increase in illnesses from a particular area. The Department of Environmental Protection can quickly assess the environmental status of a certain area through the FMF, which contains information on air, land and water pollution sources. Similarly, if the department suspects a problem, data contained in the FMF provides the department with a quick way to analyze a facility's environmental compliance and target potential violators for inspections. Moreover, EPICS identifies, tracks, and monitors the use of toxic chemicals within the state. This feature allows the department to pinpoint problem areas and also make recommendations to companies about alternative non-toxic chemical substitutions. The department expanded the Toxic Use Reduction subsystem to track the total volume of toxic chemicals within the state, as well as the manner in which the chemicals are transported. The Department of Environmental Protection is extremely satisfied with the EPICS system. Once the department had a system that complemented the organizational framework, the department experienced a large improvement in productivity through more efficient and streamlined business processes as well as better customer service. Data Manager Douglas Priest pointed out that "just having the information available at a moment's notice is a major savings." EPICS also presents the opportunity to expand into other areas. The department believes that public access may become an important issue in the near future. Moreover, the department highly values EPICS based on two key issues: revenue generation and environmental reaction and protection. According to Victoria Phillips, fees coordinator for EPICS, the automated billing module for permit fees raised $7 million in 1994. The fees are used to hire inspectors and make additions to the system. Skip Russell, a senior systems analyst with the department noted that "without the possibility of fee generation, the EPICS system would have died. Fee generation allows continued development of the system." Secondly, through the facility master file, EPICS has dramatically improved the department's response to environmental inquiries or problems and enforcement of violators. Thus, these two factors have made EPICS an effective method of improving the state's protection of the environment.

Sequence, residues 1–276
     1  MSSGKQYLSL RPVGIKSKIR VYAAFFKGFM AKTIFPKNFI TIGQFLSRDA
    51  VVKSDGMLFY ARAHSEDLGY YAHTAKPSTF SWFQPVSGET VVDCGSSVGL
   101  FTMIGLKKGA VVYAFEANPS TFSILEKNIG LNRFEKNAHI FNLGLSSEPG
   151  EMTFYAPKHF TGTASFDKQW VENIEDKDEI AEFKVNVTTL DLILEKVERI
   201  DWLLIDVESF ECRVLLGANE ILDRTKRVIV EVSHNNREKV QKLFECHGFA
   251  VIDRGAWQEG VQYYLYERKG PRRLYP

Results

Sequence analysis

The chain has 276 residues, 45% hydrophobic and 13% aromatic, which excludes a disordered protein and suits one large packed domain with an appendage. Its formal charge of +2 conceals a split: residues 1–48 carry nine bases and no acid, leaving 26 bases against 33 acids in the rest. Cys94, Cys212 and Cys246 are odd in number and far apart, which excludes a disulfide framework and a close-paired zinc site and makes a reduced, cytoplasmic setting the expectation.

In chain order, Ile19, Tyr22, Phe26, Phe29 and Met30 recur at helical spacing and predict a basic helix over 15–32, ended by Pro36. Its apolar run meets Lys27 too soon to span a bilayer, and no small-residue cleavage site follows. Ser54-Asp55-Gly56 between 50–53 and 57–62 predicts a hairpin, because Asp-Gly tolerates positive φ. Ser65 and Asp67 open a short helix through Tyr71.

Overcoming Resistance The department experienced resistance to EPICS at the beginning of the project. However, after the inspectors realized the tremendous benefits and power of the system, EPICS became very favorably viewed by the entire department. As the department adds more modules to the system, an increase in technical personnel will be required to maintain the system. In the near future, the department plans to implement new components to EPICS to enhance the power of such a comprehensive database with other available technologies. In particular, the department is planning to integrate EPICS with a Geographic Information System on which the environmental data can be layered in a mapped format. The department is also interested in implementing Electronic Data Interchange (EDI) to more reliably transmit and receive data from other environmental databases, namely the U.S. EPA, as well as data from the companies that are being regulated. On a smaller scale the department has already increased the system's reporting features through a reporting tool that allows end-users to query and analyze data without having to go through the MIS group. The department is also evaluating the implementation of a GUI front end. These additions, particularly GIS and EDI, will have an enormous impact on the department. Both GIS and EDI will increase the functionality of the system and reduce administrative costs within the department and EOEA. The Massachusetts Executive Office of Environmental Affairs was named winner of the 1994 Computerworld Smithsonian award for the EPICS project. The award recognizes the technology industry's most creative and innovative uses of information technology that benefit a wide spectrum of society.